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"You are nuts!"

You are nuts! Children need boundaries, rules and expectations!


You're right. Children do need help figuring out the world. They can't do it alone. And that's what you've experienced: hands off parenting. Parents who don't give their kids any guidance or feedback or help in making decisions. Basically kids who are trying to reinvent the social wheel. And of course most of them will get it wrong. Yes, I've met those kids too. They can be nasty.


But what I (and others I know) are talking about is an entirely different approach and it's hard to grasp when the only models most people have experienced is rules or no rules. Respectful parenting is neither of those. It is a relationship and partnership with a child. We are there to help and guide them. We are there to provide information and help them figure things out. We aren't there to make them do it right but to help them try things out and problem solve. Help them figure out how to get what they want while respecting the rights of others.


Basically we help our kids figure out how to live in the world. Not step back and let them figure it out! (That would be cruel :-/) But be their support and information system as they try out ideas on a situation.


And as a teacher you know that just telling and making a child doesn't ensure that they've actually learned. Or that they truly deeply understand in a way that they can apply it when they encounter it outside the classroom (or even on a problem that's presented a little differently).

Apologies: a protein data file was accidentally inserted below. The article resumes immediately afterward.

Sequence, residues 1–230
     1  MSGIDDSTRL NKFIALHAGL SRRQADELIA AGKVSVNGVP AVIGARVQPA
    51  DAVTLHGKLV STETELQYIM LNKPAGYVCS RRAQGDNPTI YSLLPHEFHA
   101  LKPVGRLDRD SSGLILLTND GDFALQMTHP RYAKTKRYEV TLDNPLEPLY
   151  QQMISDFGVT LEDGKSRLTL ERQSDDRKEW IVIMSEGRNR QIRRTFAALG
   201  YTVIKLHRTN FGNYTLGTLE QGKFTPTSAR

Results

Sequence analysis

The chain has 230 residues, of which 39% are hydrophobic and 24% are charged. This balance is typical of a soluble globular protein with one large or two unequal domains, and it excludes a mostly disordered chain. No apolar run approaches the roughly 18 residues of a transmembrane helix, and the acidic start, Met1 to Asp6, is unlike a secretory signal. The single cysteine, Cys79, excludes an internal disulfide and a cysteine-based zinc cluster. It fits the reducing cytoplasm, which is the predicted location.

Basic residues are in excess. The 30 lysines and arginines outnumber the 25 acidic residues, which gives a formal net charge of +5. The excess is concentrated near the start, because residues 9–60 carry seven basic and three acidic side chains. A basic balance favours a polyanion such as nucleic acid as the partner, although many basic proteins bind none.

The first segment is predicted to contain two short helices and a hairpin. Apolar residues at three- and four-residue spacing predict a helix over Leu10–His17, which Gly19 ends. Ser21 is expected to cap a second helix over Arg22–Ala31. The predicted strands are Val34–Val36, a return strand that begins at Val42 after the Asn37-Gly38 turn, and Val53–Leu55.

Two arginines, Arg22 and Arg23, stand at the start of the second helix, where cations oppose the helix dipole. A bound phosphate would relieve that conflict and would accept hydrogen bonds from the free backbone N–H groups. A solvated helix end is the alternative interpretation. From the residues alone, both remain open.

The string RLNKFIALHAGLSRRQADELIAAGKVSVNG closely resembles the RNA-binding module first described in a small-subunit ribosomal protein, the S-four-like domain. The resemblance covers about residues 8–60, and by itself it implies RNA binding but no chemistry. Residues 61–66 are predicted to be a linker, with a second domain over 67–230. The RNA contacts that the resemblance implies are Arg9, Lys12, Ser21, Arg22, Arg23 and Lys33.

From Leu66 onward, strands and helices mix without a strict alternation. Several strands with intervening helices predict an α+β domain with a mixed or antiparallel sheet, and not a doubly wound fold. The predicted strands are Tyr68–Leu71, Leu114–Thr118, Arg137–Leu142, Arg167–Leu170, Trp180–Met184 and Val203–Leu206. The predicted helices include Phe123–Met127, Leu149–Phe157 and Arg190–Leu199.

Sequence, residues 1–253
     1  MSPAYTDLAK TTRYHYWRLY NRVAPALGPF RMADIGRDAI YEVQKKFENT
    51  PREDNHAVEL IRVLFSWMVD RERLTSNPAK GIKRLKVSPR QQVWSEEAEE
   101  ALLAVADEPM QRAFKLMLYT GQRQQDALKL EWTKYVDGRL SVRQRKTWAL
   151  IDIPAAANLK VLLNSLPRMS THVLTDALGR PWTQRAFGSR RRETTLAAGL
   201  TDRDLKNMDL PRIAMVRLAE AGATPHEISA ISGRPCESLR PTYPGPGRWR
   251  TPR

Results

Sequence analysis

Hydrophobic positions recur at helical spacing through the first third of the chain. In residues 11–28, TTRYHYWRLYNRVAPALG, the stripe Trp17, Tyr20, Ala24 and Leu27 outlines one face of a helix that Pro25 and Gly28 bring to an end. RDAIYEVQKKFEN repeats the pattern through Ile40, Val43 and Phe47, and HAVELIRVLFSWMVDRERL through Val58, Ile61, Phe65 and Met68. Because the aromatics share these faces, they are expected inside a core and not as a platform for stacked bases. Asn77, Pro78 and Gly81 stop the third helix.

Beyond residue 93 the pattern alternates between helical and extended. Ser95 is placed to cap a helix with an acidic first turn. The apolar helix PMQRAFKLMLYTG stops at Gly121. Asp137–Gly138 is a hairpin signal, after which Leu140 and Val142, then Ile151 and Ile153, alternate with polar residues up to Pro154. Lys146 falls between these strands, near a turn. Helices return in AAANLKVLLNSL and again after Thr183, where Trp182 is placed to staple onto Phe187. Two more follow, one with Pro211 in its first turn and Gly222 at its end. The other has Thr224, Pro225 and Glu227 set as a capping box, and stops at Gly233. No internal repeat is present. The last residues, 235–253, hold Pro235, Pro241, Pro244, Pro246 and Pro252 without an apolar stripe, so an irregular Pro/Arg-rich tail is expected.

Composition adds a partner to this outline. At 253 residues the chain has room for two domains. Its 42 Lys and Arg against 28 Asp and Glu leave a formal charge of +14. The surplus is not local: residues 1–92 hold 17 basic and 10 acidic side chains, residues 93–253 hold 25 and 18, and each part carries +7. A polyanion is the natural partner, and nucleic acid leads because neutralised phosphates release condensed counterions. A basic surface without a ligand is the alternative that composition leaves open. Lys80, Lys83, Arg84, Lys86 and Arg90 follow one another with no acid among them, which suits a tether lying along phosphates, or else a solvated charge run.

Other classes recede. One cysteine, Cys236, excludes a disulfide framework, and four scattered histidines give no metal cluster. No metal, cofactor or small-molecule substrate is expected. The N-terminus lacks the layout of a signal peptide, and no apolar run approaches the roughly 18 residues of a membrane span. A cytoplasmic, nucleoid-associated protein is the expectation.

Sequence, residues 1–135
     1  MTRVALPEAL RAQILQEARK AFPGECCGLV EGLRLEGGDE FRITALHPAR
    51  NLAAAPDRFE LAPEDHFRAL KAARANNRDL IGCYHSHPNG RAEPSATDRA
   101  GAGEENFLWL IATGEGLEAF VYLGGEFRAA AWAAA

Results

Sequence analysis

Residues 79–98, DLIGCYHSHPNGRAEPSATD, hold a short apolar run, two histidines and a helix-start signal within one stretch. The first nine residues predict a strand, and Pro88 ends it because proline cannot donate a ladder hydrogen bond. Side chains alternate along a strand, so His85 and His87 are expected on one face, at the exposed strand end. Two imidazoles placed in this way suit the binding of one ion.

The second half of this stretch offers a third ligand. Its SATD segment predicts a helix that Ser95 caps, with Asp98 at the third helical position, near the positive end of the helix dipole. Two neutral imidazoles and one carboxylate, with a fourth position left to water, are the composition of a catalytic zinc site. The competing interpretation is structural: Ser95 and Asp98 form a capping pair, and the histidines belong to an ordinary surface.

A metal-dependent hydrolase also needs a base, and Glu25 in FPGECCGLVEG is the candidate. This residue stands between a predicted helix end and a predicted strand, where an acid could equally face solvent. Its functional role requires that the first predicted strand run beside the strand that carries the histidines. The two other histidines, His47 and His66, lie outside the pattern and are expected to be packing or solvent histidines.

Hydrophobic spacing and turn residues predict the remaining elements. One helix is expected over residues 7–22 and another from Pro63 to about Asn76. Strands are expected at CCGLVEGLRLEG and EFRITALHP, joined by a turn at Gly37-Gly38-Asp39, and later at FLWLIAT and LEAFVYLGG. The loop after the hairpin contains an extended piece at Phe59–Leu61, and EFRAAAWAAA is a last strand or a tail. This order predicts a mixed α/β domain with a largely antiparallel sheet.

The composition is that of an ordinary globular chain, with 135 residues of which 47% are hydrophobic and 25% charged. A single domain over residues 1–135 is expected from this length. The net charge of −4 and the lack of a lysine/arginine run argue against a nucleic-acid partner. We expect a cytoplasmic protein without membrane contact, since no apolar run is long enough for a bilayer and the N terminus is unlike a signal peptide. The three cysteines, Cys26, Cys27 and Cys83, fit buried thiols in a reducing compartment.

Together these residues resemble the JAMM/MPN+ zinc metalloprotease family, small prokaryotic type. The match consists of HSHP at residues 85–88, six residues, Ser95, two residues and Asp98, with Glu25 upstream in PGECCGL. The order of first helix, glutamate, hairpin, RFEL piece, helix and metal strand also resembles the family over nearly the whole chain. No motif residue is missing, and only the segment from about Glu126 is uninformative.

Just skimming over your web site drove me crazy! I am a teacher and everyday I see kids that have been brought up on your philosophy. They are a pain in the butt ( as well as their parents) and the other children don't play with them as they are bossy and self centered! AGHHHHHHHHHHHHH!


Yes, I agree, kids who are being raised with hands off parenting are a pain in the butt. There are parents who substitute giving kids things instead of giving them time. Or who "lovingly" :-P step back and let their kids work out their differences often by bullying other kids. Or parents who approach life with the sense of the world owes me and mine and models how to grasp what you want and damn everyone else.


Kids like that have been, essentially, neglected :-/ They're growing up needy of deep, personal relationships and trying to grasp what they need from others around them because their parents aren't providing it. But they have no clue how to do that. It's very warping :-(


Fortunately that's not what I'm talking about! :-)


I bet your children are spoiled,


And I'm sure that would be the guess of most people who think I'm promoting hands off parenting! And they'd be right if that's what I was talking about.